In addition to reducing oil consumption, mitigating local particulate emissions, and reducing carbon dioxide emissions, there is evidence that the NEV mandate is aimed at helping the Chinese auto industry dominate the domestic market and grow internationally. The “Made in China 2025” industrial policy intends for eventually 80 percent of all new energy vehicles in the domestic market to be Chinese products by 2025. Merics reports that, in order to accomplish this without violating WTO rules, “the responsible ministries and state-owned policy institutes [have been directed to] use internal or semi-official documents to communicate local content targets to Chinese enterprises in industries such as aviation and electric vehicles.”
The mix of support for domestic industrial policy and local infighting poses a serious threat to international automakers.
That type of uncompetitive state support is occurring at the same time as municipal conflicts over local EV champions are happening. One academic piece on EV uptake in China highlights that several localities have created subsidies that support only their local producers. The mix of support for domestic industrial policy and local infighting poses a serious threat to international automakers. After all, if Chinese companies are producing 70 percent of the approximately nine million new EVs required by the Chinese market by 2020, global automakers could find themselves investing in a market that have restrictions and limited access.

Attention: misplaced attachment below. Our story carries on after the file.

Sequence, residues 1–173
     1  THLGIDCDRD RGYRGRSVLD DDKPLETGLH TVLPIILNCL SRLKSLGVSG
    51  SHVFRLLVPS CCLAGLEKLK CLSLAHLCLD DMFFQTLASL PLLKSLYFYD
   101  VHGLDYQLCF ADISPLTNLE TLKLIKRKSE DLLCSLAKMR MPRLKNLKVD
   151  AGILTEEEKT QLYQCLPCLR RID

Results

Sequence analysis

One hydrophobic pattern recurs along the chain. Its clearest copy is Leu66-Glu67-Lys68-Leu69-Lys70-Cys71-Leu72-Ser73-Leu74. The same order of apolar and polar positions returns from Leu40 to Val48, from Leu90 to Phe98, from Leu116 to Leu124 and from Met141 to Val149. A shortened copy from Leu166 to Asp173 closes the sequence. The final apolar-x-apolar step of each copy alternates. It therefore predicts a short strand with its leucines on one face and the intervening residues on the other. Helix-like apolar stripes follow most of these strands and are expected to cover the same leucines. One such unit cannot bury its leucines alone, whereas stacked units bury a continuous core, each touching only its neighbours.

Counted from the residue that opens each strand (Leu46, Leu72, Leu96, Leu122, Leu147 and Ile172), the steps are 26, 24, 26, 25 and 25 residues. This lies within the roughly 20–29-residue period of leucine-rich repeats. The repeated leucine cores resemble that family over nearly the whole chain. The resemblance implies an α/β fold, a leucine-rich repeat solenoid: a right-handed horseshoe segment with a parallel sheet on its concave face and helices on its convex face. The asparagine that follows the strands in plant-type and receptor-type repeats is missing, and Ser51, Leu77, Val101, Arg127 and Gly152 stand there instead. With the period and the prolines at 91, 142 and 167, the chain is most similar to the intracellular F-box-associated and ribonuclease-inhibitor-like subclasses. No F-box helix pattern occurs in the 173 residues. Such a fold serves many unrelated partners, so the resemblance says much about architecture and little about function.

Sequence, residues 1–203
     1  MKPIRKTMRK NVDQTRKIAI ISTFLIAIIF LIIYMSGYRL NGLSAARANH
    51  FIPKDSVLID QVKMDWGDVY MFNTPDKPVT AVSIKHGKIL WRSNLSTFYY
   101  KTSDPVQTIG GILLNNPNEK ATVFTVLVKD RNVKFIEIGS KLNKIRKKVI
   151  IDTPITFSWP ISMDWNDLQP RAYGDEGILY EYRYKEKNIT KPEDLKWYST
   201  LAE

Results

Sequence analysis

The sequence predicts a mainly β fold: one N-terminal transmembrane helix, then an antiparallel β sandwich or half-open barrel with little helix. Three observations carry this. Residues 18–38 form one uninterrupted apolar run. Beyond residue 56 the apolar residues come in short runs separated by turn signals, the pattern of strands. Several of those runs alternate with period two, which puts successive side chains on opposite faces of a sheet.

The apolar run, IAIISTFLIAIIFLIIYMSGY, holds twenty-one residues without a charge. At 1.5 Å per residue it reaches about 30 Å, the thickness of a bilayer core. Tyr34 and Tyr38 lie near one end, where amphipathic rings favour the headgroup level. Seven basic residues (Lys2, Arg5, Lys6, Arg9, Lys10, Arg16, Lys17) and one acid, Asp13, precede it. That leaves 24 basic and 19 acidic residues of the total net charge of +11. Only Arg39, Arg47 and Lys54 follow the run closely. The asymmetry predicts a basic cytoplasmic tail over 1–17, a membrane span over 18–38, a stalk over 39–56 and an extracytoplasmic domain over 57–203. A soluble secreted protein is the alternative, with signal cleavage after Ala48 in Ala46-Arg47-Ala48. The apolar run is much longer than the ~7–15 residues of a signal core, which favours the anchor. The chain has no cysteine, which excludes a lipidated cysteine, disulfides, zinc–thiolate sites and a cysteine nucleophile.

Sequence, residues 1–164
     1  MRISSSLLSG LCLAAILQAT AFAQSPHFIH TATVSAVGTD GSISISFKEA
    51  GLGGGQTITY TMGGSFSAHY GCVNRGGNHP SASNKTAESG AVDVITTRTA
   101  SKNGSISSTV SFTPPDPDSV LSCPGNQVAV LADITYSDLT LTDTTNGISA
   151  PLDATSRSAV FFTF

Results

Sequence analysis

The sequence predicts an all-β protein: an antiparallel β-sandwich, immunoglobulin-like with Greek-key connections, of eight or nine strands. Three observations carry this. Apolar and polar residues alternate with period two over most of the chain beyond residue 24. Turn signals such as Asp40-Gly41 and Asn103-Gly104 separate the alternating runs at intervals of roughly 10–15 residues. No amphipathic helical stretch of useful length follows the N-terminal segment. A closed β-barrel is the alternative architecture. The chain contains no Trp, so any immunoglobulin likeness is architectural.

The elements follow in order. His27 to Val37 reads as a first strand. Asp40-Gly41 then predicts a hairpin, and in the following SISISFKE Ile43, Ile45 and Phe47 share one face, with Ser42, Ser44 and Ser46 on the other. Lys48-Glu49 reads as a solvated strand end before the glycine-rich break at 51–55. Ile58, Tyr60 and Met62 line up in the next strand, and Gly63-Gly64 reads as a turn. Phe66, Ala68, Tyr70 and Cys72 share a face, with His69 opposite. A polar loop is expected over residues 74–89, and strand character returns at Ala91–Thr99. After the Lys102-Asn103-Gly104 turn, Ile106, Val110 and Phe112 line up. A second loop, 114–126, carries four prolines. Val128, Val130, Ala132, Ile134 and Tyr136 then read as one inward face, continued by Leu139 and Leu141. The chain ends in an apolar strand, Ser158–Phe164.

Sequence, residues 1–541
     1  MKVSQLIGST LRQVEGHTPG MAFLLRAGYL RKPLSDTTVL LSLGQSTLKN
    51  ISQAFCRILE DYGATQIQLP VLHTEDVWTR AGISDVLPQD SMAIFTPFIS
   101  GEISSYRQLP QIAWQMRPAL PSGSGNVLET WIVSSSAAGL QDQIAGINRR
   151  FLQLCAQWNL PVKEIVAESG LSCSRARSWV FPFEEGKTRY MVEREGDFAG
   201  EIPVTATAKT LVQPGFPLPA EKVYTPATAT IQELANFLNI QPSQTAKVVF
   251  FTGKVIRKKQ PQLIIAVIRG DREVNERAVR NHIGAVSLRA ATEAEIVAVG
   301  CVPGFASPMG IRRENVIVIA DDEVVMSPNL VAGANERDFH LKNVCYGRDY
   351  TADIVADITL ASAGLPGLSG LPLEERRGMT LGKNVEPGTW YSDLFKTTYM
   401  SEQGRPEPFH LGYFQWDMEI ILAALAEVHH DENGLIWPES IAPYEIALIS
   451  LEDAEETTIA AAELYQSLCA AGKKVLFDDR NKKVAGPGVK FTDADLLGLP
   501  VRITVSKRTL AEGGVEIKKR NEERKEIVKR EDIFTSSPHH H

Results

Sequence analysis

Beijing’s NEV mandate is significantly affecting the global EV market. At present, state support is driving consumer purchases. In this short run, these policies encourage the rise of a global EV industry and reduce oil dependence. However, there is a real risk that nationalistic industrial policy may shut U.S. automakers and others out of the market, and may even empower Chinese manufacturers to attain an unfair advantage in the international auto market.